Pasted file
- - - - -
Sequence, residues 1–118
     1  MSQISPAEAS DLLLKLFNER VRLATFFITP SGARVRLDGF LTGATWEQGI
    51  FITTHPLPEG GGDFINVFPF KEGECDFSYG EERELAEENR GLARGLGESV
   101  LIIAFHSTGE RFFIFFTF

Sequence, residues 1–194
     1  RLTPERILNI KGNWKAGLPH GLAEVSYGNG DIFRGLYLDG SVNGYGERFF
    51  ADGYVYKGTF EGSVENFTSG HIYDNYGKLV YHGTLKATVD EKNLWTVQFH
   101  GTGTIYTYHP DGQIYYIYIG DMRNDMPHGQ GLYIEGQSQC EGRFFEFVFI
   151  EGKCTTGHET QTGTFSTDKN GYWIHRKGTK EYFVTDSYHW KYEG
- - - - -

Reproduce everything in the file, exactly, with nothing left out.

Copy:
Sequence, residues 1–118
     1  MSQISPAEAS DLLLKLFNER VRLATFFITP SGARVRLDGF LTGATWEQGI
    51  FITTHPLPEG GGDFINVFPF KEGECDFSYG EERELAEENR GLARGLGESV
   101  LIIAFHSTGE RFFIFFTF

Sequence, residues 1–194
     1  RLTPERILNI KGNWKAGLPH GLAEVSYGNG DIFRGLYLDG SVNGYGERFF
    51  ADGYVYKGTF EGSVENFTSG HIYDNYGKLV YHGTLKATVD EKNLWTVQFH
   101  GTGTIYTYHP DGQIYYIYIG DMRNDMPHGQ GLYIEGQSQC EGRFFEFVFI
   151  EGKCTTGHET QTGTFSTDKN GYWIHRKGTK EYFVTDSYHW KYEG